Otherwise, setting up the console is a breeze. Microsoft pushes using the Xbox app to do so. It really is a timesaver, letting you copy your settings, GamerTag, Wi-Fi password (assuming you don’t have a hardline internet connection for your console), and other information over quickly, drastically simplifying setup.
Performance: Plenty of power, in a big box
Microsoft has shouted about its superior hardware at nearly deafening levels since it first teased the Series X (called Project Scarlett at the time). By now, you likely know the specs and buzzwords: 120 frames per second (fps), HDR, 12 teraflops of processing power, and so on.
Despite its performance, the Series X is surprisingly quiet. The cooling structure of the system is so efficient that you’ll sometimes wonder if the console is actually turned on. The Xbox One, in comparison, is like a jet engine.
The Series X is not, however, an easy fit in most home entertainment centers. Microsoft (like Sony) built its next-generation system to be a showcase item. The Series X is smaller than the PlayStation 5, but it’s still not built to fit easily into the average living room A/V cabinet. This is due to its width, the consequence of a shape more similar to a box than a slate. It could be an annoyance to some owners.
You’d think there would be more to say on performance, but there isn’t, and that (again) is due to the lack of launch titles. This is the part of the review where amazingly beautiful new open-world titles might be discussed. Unfortunately, that game doesn’t exist for the Series X at launch. There’s no question this is a powerful console — by the numbers, it’s (a bit) faster than the PlayStation 5. Unfortunately, the hardware is currently underutilized.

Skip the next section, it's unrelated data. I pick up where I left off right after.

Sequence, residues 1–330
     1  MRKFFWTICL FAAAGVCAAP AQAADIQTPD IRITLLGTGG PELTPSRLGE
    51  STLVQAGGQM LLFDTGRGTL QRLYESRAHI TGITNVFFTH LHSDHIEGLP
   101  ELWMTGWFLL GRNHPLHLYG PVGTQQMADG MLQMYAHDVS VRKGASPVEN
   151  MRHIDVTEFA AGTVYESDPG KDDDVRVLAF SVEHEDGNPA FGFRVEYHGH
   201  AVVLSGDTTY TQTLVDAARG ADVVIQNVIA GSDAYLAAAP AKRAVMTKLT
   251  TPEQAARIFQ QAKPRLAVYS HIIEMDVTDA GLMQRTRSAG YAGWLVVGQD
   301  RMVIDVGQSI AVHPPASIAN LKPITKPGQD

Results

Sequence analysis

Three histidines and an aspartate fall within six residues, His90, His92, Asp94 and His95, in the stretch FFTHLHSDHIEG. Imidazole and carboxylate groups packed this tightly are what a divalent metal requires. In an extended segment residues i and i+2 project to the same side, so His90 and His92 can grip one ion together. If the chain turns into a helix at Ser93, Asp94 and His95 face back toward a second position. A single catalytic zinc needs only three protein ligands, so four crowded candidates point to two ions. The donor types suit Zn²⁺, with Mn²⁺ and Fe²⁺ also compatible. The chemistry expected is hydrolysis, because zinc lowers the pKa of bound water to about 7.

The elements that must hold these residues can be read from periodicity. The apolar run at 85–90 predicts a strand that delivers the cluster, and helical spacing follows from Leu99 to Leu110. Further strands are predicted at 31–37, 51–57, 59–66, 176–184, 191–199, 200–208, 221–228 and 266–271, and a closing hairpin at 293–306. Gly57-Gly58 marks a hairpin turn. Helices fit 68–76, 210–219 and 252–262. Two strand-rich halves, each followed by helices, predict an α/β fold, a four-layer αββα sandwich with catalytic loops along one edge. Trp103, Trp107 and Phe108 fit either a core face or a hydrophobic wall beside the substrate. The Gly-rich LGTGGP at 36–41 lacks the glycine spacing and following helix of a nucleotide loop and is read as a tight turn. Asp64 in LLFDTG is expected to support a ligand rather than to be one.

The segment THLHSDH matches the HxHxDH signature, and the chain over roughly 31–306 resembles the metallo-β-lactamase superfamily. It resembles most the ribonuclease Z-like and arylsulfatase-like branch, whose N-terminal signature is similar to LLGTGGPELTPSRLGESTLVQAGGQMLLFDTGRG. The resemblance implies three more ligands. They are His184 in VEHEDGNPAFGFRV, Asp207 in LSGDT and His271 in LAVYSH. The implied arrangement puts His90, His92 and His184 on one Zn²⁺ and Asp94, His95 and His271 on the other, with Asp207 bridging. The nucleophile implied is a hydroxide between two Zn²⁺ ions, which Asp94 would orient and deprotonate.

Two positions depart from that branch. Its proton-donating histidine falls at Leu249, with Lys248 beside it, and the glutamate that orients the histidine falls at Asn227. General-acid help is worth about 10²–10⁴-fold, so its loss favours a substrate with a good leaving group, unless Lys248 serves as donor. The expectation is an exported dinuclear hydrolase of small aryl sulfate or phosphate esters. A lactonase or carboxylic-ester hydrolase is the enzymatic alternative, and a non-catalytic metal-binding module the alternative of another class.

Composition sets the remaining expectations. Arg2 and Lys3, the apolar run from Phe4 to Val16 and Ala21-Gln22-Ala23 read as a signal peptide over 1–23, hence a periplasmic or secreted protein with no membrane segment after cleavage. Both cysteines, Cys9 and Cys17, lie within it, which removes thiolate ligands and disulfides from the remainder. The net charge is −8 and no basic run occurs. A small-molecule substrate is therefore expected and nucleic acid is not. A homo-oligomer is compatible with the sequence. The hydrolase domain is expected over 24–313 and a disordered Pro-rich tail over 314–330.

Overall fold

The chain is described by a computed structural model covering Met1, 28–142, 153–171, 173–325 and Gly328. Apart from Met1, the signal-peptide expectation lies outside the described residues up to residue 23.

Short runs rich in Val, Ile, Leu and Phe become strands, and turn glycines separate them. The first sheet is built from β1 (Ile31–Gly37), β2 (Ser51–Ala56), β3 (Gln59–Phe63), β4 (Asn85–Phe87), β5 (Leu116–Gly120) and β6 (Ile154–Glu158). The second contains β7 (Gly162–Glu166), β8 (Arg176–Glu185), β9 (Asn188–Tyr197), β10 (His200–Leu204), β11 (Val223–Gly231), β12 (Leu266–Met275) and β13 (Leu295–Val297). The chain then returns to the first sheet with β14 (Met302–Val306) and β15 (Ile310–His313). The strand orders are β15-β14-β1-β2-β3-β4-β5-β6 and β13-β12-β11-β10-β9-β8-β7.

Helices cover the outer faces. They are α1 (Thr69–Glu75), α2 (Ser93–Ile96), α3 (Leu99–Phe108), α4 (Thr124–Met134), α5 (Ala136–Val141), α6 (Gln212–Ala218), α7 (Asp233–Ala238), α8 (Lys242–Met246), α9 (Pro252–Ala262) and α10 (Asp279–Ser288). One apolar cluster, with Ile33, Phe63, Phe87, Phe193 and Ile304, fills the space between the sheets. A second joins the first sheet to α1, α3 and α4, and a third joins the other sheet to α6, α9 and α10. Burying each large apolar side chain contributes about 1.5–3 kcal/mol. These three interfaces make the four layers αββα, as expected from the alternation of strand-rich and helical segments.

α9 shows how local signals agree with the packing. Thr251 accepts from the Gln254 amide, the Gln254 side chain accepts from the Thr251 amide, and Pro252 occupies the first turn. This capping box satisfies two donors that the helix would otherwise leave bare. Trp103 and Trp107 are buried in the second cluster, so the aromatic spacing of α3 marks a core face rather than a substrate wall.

Storage: 1TB isn’t what it used to be
The Series X comes with acceptable, though not optimal, storage space. The 1TB hard drive (compared to the Series S’s 512GB) is on par with the Xbox One X. You’ll only have 802 GB available, though, after subtracting the amount used by the system’s operating system. That should be fine initially, but as this generation progresses and games require more space, it could be problematic.
Bumping system memory to 2 TB could have future-proofed the console, though it certainly would have affected the Series X’s price. The Xbox Series X console will launch November 10 for $499 (a key selling point for Microsoft).
Still, Sony’s PlayStation 5 is at a disadvantage. It ships with 825GB of internal storage and, like the Xbox Series X, not all of that will be available for installing games. According to prelaunch reports, about 667GB is available for games. That means the PlayStation 5 has 135GB less available storage than the Xbox Series X.
If 1TB isn’t enough, you can expand Series X’s storage. Players can hook an external hard drive to the system. Testing by Digital Foundry discovered that, at least for backward-compatible titles, an external solid-state hard drive was almost as fast as on-device storage.